I’m not paving new ground here. Anybody who reads the Navy investigation reports after these mishaps can’t help but acknowledge that bad seamanship is cited as a frequent contributor. The record suggests there are some systemic issues here that need action–training, more sea time, more work without electronic aids to navigation or…something.

It’s a gritty, ugly, self-reinforcing calculus–with so few ships, the Navy simply cannot afford mishaps when every ship is critical. So that leads to risk aversion, less time in complex sea situations, and then a further decline in sailing skill. The Navy has gotta thread the needle somehow–recognizing the critical nature of front-line assets, while allowing for development of navigational/warfighting mastery. For the Navy, the truism that “China will be broken” is right, and acceptable. Even some of the best Navy Admirals learned their craft by running their craft aground (it’s one of the reasons I value a high-low fleet mix).

But the “even Nimitz screwed up” defense wears thin after awhile. I mean, the Chinese Navy may not be following a training pathway that gets ships ready for “battle” in a timely fashion, but…they’re certainly methodically building up their seamanship skills. And, well, for that matter, when was the last time anybody heard about a Chinese Navy mishap?  A grounding?

I’ve heard of one recent instance. That’ s it.

The Navy’s gotta do a better job at seamanship. The Navy community has been clucking about this for a long time, but…are things getting better?  Or worse?

Look Hard at Discipline:

I’m also a little worried about how today’s “break all the norms” and “rules are for suckers” attitudes might be impacting the fleet.

If naval leaders will not (or cannot?) vigorously enforce Navy standards, Navy rules and regulations, and fail to reinforce the idea that, by following the regs, each individual crew member supports the entire team aboard their vessel/command, it gets easier to start drawing lines of causation between, say, a sailor hiding out in an engine room for days as his fleet launches a huge Search and Rescue effort, or somebody tossing trash disks over the side for no discernible reason….to, ah, somebody, oh, sleeping on watch or neglecting some other mission-critical duty.

Accidents happen when nobody gives a damn about the other members of the team.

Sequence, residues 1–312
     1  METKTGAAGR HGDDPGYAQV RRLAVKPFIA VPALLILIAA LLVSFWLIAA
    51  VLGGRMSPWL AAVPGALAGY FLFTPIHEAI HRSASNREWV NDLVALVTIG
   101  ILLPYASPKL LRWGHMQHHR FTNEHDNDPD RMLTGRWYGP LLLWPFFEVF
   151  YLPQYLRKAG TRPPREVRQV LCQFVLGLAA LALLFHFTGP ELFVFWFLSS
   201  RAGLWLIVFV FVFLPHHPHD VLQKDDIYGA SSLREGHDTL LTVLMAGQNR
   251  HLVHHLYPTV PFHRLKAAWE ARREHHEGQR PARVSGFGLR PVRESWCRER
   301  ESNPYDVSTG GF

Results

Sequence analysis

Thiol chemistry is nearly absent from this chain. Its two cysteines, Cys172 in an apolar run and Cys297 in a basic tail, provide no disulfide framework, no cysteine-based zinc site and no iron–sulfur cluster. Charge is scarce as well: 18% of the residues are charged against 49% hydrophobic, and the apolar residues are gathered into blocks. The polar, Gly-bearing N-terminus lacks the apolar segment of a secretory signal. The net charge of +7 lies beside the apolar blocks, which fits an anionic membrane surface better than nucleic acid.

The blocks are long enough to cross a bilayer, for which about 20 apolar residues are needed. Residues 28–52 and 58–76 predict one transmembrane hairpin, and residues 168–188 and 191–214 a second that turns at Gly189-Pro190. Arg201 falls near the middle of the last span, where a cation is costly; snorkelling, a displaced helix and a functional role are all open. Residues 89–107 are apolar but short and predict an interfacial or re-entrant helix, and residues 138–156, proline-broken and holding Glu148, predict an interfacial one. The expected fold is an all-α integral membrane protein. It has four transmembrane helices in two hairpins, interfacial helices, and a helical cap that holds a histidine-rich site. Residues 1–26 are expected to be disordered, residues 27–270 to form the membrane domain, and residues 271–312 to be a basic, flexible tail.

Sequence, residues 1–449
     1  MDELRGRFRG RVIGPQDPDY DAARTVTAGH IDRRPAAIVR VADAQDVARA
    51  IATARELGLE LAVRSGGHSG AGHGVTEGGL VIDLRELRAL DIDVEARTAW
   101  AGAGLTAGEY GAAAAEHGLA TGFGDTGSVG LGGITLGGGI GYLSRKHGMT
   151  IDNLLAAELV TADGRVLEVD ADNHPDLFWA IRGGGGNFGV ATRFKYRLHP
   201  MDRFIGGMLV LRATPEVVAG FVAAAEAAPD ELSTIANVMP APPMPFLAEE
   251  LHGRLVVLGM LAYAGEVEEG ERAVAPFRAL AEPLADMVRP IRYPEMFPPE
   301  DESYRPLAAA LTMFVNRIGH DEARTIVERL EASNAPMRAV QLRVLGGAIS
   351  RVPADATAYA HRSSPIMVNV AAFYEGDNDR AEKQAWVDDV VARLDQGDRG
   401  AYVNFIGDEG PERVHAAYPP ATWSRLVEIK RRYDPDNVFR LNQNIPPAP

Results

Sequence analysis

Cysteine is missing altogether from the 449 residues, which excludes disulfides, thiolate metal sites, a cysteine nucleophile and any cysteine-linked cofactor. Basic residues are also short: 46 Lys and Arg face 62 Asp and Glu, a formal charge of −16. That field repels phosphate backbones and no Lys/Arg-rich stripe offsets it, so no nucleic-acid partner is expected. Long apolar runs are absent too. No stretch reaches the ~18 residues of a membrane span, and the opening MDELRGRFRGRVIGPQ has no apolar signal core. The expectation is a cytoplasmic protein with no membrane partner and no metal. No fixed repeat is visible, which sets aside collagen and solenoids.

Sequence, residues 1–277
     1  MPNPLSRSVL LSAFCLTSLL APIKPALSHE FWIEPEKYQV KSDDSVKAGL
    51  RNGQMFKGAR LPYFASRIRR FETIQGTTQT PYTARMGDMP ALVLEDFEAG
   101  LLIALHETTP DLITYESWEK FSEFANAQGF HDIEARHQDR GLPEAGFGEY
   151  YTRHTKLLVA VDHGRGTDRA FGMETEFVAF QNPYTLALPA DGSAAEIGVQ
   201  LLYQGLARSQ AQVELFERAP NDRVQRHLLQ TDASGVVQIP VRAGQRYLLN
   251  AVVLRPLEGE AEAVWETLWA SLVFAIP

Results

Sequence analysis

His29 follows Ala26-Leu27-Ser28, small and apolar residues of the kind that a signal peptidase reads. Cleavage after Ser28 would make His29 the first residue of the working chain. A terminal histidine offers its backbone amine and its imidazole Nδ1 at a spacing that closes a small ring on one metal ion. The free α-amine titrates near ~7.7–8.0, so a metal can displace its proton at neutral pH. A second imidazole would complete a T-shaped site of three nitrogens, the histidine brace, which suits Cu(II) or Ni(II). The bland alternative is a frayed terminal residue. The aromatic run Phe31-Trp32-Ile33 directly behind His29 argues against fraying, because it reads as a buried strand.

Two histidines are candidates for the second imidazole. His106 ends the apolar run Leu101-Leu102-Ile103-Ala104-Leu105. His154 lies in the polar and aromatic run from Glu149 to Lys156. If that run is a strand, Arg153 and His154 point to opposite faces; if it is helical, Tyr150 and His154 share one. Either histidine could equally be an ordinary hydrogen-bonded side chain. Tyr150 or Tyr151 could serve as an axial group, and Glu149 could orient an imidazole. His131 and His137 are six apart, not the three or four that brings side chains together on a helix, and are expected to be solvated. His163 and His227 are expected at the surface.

One need only look at the events that led to the Iranian capture of U.S. sailors (or the Fat Leonard Scandal). Members of the Navy community who know better just aren’t following the rules and regulations. Now, I’m no sticker for rules and regs, but often these things were proven out in blood and were put in place to save sailor’s lives.

So…I am worried. I am concerned some sailors and some officers aren’t even aware that their actions (or lack oversight) affect the lives of many of their colleagues. And that’s really disturbing–not just because one bad apple can make everybody who is doing their job well look bad, but because it’s really really hard to change course when more and more personnel–from the admiral on down–pick the easy route.

Conclusion: 

So. The Fitz is still holed by a freighter. Join in and cheer the crew that got the Fitzgerald back to port, weep for the dead and share the sadness as responsible parties aboard–and likely often good people–are identified and punished for what could have been a momentary lapse, or a simple mistake or a wholesale failure of the crew or..anything.

But don’t stop there. Don’t stop with the board investigation findings.

We owe it to those lost to take a hard and unsparing look at the institution.

If sailors and officers are contributing to preventable accidents….if Navy personnel are failing each other by neglecting what they perceive as nitnoid rules, regs and practices, then the system has a problem that needs fixing.

Stamping out any of this sort of rot that exists (if it does) might be a good challenge for a future SECNAV.